Whale of the Month - North Atlantic Right Whale

Species fact file

Common names: North Atlantic right whale, northern right whale, black right whale

Icelandic name: sléttbakur

Scientific name: Eubalaena glacialis

Family: Balaenidae (right and bowhead whales)

Max length: 18.5m (females), 16m (males)

Distribution: coastal regions in the North Atlantic

North Atlantic right whales are the most endangered of all baleen whales, and are currently listed as critically endangered on the IUCN Red List. The western population ranges the length of the North American eastern seaboard, from winter calving grounds in Florida to summer grounds in Newfoundland and the Gulf of St Lawrence. It is estimated that there are now fewer than 300 individuals in this population. In the eastern Atlantic, right whales could once be found from the coastal waters of north-west Africa to Iceland, Norway, and Greenland – but now, this population is probably made up of less than 20 whales. There have been a few occasional sightings in Iceland in recent years, but the population is now so small it is not expected to recover.

This photo of a North Atlantic right whale was taken from a Special Tours whale watching boat in Iceland.

The reason North Atlantic right whales are so endangered is because they were so favoured by whalers. They were the first whale to be commercially hunted – Basque whaling in the Bay of Biscay began as early as the 11th century and nearly wiped out right whales in the Atlantic. Their large size, slow swimming speed and large oil yield (up to 40% of their bodies are blubber) made them a hugely profitable target. These whales were actually named by whalers, because they were considered the ‘right’ whale to hunt.

There are two other species of right whale: the southern right whale (Eubalaena australis) and the North Pacific right whale (Eubalaena japonica). Neither of these species are critically endangered like the North Atlantic right whale, but there are only around 500 North Pacific right whales left in the world so they are considered endangered by the IUCN. Southern right whale populations have recovered well in the aftermath of heavy exploitation and are now listed as least concern – their success story gives us some hope for the future of the other right whales.

The wide difference in recovery of these three species is probably due to the differences in the impacts of human activities between the Northern and Southern hemispheres. The ranges of North Atlantic and North Pacific right whales overlap with areas of very high human population – both of these species are exposed to heavy shipping traffic, fisheries, and high noise levels. The combination of all these factors is hampering their recovery. The biggest threat to North Atlantic right whales is ship strikes, as much of their critical feeding habitat lies in the middle of the world’s busiest shipping lanes.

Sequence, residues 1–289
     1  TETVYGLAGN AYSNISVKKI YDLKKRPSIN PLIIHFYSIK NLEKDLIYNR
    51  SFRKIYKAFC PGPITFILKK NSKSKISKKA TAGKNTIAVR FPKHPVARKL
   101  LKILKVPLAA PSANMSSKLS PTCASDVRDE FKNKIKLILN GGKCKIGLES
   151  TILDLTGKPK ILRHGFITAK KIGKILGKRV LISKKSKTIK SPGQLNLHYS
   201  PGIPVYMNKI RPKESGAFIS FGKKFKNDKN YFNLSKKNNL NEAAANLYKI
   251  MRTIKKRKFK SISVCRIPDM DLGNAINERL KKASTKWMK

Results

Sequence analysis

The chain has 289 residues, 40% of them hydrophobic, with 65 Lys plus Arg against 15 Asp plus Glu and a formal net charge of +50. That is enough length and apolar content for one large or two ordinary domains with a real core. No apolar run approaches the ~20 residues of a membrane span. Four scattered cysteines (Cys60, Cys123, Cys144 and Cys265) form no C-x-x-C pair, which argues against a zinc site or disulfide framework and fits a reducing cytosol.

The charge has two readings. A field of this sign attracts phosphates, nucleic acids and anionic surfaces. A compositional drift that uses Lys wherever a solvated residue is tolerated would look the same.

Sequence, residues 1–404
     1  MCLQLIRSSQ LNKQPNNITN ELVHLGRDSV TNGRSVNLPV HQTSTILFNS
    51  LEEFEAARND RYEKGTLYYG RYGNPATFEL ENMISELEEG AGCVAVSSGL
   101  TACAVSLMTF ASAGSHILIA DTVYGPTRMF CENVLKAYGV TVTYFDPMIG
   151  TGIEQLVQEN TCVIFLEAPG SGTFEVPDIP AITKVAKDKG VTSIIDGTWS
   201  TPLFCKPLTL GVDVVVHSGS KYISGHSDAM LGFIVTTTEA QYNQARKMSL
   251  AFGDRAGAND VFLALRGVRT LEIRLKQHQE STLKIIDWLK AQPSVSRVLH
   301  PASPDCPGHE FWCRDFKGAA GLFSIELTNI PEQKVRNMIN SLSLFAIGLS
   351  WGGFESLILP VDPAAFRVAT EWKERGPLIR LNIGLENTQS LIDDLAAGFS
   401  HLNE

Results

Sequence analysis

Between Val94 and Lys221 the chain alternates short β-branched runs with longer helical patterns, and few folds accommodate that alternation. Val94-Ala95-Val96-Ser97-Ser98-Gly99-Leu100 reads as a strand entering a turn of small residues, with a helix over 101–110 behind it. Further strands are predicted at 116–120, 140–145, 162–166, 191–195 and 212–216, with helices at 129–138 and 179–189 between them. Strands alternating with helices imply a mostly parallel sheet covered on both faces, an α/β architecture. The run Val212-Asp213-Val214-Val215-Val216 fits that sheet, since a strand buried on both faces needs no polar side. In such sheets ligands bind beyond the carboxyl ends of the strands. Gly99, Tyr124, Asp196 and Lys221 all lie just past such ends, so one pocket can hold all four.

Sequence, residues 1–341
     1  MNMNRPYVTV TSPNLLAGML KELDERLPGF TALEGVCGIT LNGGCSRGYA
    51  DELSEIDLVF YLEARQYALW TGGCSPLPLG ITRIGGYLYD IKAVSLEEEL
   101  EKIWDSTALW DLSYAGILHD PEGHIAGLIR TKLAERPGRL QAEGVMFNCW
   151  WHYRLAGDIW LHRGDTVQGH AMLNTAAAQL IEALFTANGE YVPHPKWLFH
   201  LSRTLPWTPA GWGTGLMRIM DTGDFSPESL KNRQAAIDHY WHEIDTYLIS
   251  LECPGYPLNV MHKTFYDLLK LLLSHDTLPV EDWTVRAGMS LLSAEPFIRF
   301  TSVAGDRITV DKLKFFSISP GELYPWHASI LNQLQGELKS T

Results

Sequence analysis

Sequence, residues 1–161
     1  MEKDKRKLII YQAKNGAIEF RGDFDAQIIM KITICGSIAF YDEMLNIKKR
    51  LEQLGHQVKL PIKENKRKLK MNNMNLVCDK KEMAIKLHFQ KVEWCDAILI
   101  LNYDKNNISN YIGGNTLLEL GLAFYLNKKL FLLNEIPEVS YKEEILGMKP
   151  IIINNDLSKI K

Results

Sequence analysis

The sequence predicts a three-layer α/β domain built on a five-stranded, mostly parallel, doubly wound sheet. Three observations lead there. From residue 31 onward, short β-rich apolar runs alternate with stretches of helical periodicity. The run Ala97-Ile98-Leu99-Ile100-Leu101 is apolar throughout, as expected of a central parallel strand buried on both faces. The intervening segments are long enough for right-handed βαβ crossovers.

Because of their critically endangered status, there is currently a huge international effort to save the North Atlantic right whale. Conservation strategies so far have included implementing speed restrictions in shipping lanes, changing the route of shipping lanes, seasonally closing some kinds of commercial fisheries, requiring weak links in fishing gear to allow whales to break free, and testing new, ropeless fishing systems. Since conservation efforts for this species began, the risk of a fatal ship strike in US waters has decreased by 80-90%. The calving season of 2021/2022 has been particularly successful, with 15 mother-calf pairs observed so far. So, things may be looking up for this majestic but vulnerable ocean giant! You can read more about what is being done to save the North Atlantic right whale here.

You can clearly see the pattern of white callosities on this mother right whale. Photo by FWC research.

All right whales are characterised by their stocky shape, arched jaw, and lack of a dorsal fin. However, their most distinguishing feature is their callosities. These are patches of tough, thick skin on the whale’s head which are colonised by parasites – mainly barnacles and whale lice. The patterns of callosities on each right whale are unique and can be used for to identify that individual from a photograph.  

Many baleen whales have very tiny sensory hairs on their face: on humpback whales, these hairs are mounted on the bumps on their head called tubercles, and on right whales they grow on their chin and from craters in the callosities. It is thought that these hairs can detect changes in the density of their prey in the water, which helps the whales to feed from the densest patch.

North Atlantic right whales feed mainly on copepods, which are a kind of zooplankton. Their hunting technique is described as ‘skim feeding’: they swim with their mouths open, collecting food inside their baleen plates as they go. Right whales will skim feed both at the surface – in which case, the top of their heads can be seen above the water – or at depth while completely submerged. Check out a video of skim feeding in action!

Learn more about...

The historical distribution of right whales in the eastern Atlantic, including the Mediterranean Sea

How facial sensory hairs could be used while feeding